“Hitsville: The Making of Motown” is set to premiere on Showtime Saturday, Aug. 24, 9-11 p.m. EDT. Photo by SHOWTIME.
“Hitsville: The Making of Motown” is set to premiere on Showtime Saturday, Aug. 24, 9-11 p.m. EDT. Photo by SHOWTIME.

NEW YORK (CNS) -- Although he's approaching 90, storied music executive Berry Gordy doesn't appear to be slowing down in "Hitsville: The Making of Motown," the first documentary on the subject made with his participation.

Released to coincide with the 60th anniversary of the label's founding, the edifying and absorbing film premieres on Showtime Saturday, Aug. 24, 9-11 p.m. EDT.

Brothers Gabe and Ben Turner direct "Hitsville," which recalls Motown's heyday between 1959 and 1972 -- a period during which it rose to become the nation's most successful record company.

They open with an audio recording of a quality control session from 1964. In such meetings, Motown executives would debate a new record's prospects for popularity. Gordy chastises one participant who shows up late, pointing out that these gatherings are pivotal to the "assembly line" system he developed and that proved a critical factor in the company's success.

Gordy's stint working on a Ford Motor Co. production line -- which followed the failure of the jazz record store he once owned -- inspired his exhaustingly methodical approach to churning out hits.

Corporate history unfolds as Gordy revisits the legendary two-story building, 2648 W. Grand Blvd. in Detroit's inner city, where Motown started. Former regional sales manager Miller London says of the location: "You don't get more 'hood' than that."

Arguably the second most important person in the outfit's rise, 79-year-old Smokey Robinson, accompanies his former mentor back to the studio. The prolific singer and songwriter was 19 when a chance meeting with Gordy became the catalyst for the purchase of the building.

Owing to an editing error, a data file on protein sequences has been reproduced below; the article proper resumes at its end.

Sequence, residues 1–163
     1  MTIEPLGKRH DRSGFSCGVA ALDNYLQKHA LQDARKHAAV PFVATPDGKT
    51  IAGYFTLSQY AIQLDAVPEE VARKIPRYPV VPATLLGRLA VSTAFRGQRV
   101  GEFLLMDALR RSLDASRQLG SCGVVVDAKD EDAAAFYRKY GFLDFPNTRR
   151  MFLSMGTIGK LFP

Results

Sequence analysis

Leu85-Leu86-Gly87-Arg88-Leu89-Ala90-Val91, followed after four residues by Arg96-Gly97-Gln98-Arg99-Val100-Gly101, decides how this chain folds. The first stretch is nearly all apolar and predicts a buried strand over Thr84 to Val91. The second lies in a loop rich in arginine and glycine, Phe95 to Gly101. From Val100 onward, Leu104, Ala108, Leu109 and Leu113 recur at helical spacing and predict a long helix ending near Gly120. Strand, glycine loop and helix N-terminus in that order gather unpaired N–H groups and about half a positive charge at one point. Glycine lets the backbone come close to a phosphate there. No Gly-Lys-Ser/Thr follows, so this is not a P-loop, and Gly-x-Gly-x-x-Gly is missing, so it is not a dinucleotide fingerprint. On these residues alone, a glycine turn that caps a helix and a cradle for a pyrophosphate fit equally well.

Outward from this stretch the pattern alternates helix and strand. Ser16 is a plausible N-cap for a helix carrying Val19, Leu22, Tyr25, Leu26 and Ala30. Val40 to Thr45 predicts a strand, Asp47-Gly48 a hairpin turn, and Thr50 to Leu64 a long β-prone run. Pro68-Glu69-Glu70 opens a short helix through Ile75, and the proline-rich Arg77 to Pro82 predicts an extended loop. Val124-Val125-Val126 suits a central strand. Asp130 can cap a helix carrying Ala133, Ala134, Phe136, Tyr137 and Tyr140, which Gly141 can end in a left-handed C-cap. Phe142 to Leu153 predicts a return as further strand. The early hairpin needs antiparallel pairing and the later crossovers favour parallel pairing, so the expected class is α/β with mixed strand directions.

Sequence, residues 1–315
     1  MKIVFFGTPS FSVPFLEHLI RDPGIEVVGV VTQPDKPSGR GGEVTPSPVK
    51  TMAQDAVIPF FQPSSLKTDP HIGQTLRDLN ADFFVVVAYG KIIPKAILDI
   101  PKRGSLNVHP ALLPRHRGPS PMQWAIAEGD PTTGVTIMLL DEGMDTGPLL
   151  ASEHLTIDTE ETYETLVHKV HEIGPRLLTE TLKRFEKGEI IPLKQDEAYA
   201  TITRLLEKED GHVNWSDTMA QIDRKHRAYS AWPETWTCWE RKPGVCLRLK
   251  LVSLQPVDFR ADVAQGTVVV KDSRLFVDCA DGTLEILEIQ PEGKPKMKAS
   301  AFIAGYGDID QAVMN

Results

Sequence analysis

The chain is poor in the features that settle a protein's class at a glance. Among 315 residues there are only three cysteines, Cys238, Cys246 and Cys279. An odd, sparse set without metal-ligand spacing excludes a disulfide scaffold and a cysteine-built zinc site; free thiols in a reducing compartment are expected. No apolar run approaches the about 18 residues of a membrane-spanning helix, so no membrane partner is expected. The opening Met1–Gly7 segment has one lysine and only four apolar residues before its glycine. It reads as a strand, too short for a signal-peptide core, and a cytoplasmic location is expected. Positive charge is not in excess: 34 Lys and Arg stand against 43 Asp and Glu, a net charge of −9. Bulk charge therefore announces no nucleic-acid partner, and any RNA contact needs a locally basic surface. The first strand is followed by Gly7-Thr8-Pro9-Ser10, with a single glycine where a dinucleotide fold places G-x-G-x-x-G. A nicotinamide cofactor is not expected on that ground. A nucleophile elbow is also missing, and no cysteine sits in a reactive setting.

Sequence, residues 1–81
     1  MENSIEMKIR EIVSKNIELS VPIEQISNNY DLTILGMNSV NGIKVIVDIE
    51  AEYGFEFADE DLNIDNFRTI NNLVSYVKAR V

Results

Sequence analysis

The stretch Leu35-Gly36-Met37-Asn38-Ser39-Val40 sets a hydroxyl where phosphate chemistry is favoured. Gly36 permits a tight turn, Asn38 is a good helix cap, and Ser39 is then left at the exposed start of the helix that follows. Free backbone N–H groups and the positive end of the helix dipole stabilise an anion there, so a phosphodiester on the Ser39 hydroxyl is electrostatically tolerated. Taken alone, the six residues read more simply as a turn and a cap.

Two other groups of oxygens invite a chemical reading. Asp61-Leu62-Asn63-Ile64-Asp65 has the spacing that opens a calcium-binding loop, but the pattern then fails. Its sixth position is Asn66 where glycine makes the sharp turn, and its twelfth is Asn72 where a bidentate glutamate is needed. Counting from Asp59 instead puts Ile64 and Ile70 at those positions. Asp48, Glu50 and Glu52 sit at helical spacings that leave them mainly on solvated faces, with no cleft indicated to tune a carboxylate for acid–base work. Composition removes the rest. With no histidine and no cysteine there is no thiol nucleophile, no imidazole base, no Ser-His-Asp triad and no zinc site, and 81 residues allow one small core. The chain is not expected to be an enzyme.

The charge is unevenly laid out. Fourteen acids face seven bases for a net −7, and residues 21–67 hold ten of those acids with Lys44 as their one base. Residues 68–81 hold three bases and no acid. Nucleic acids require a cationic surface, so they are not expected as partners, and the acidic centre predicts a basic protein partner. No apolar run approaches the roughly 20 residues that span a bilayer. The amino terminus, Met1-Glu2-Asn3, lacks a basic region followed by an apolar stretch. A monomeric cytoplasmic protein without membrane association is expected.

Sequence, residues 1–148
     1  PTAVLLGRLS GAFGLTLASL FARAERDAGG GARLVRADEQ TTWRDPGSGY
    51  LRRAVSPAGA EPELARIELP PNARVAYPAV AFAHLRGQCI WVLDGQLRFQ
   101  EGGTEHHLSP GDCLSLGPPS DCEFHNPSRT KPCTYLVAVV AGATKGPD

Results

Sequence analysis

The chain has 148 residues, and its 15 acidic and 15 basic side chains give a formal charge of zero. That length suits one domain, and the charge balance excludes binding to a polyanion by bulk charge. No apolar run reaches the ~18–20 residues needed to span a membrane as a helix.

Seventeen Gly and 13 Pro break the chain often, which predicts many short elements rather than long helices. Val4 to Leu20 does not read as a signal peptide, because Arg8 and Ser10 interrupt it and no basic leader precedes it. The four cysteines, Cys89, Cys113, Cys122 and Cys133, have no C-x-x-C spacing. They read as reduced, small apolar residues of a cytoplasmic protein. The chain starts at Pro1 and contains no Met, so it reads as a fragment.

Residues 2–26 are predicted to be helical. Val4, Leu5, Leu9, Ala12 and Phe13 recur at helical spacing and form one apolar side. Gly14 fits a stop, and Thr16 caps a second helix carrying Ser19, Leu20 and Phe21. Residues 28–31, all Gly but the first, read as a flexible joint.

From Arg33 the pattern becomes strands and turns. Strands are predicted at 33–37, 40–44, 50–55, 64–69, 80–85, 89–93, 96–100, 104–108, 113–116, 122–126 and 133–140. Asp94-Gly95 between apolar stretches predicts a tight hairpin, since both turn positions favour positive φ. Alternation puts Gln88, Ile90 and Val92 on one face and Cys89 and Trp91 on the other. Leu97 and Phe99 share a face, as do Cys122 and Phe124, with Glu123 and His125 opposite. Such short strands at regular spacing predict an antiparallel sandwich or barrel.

Discussions of drugs, racism -- including slurs and an image of lynching -- occasional salty language, mild sexual innuendo and references to adultery all suggest "Hitsville" is most suitable for adults and mature adolescents.

The Turners' excellent use of arresting still photographs and illuminating behind-the scenes archival footage invigorate their storytelling. And the brothers' emphasis on Gordy's methods will deepen viewers' appreciation of how beloved songs came into being. For example, internal competition fostered by Gordy influenced Robinson's writing of "My Girl."

Envious of the hits Norman Whitfield had written for Eddie Kendricks of The Temptations, Robinson wrote the now universally known number one song for another Temptations singer, David Ruffin. Addictively catchy, "My Girl" knocked the Beatles off the top of the charts, but the Fab Four graciously congratulated their successors with a telegram.

Like the music it celebrates, "Hitsville" will gratify viewers, leaving them with a warm and happy feeling that will linger long after their screens have gone dark.

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Byrd is a guest reviewer for Catholic News Service.